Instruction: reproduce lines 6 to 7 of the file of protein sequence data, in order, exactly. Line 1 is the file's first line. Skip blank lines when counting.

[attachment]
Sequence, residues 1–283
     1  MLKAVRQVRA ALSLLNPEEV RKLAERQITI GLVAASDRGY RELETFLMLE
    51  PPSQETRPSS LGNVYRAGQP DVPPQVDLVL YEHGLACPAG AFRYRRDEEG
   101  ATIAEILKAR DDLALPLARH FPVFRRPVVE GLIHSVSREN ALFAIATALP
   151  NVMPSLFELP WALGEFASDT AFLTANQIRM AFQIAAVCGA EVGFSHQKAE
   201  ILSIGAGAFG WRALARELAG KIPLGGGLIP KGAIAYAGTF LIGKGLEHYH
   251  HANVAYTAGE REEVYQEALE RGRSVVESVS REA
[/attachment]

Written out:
   201  ILSIGAGAFG WRALARELAG KIPLGGGLIP KGAIAYAGTF LIGKGLEHYH
   251  HANVAYTAGE REEVYQEALE RGRSVVESVS REA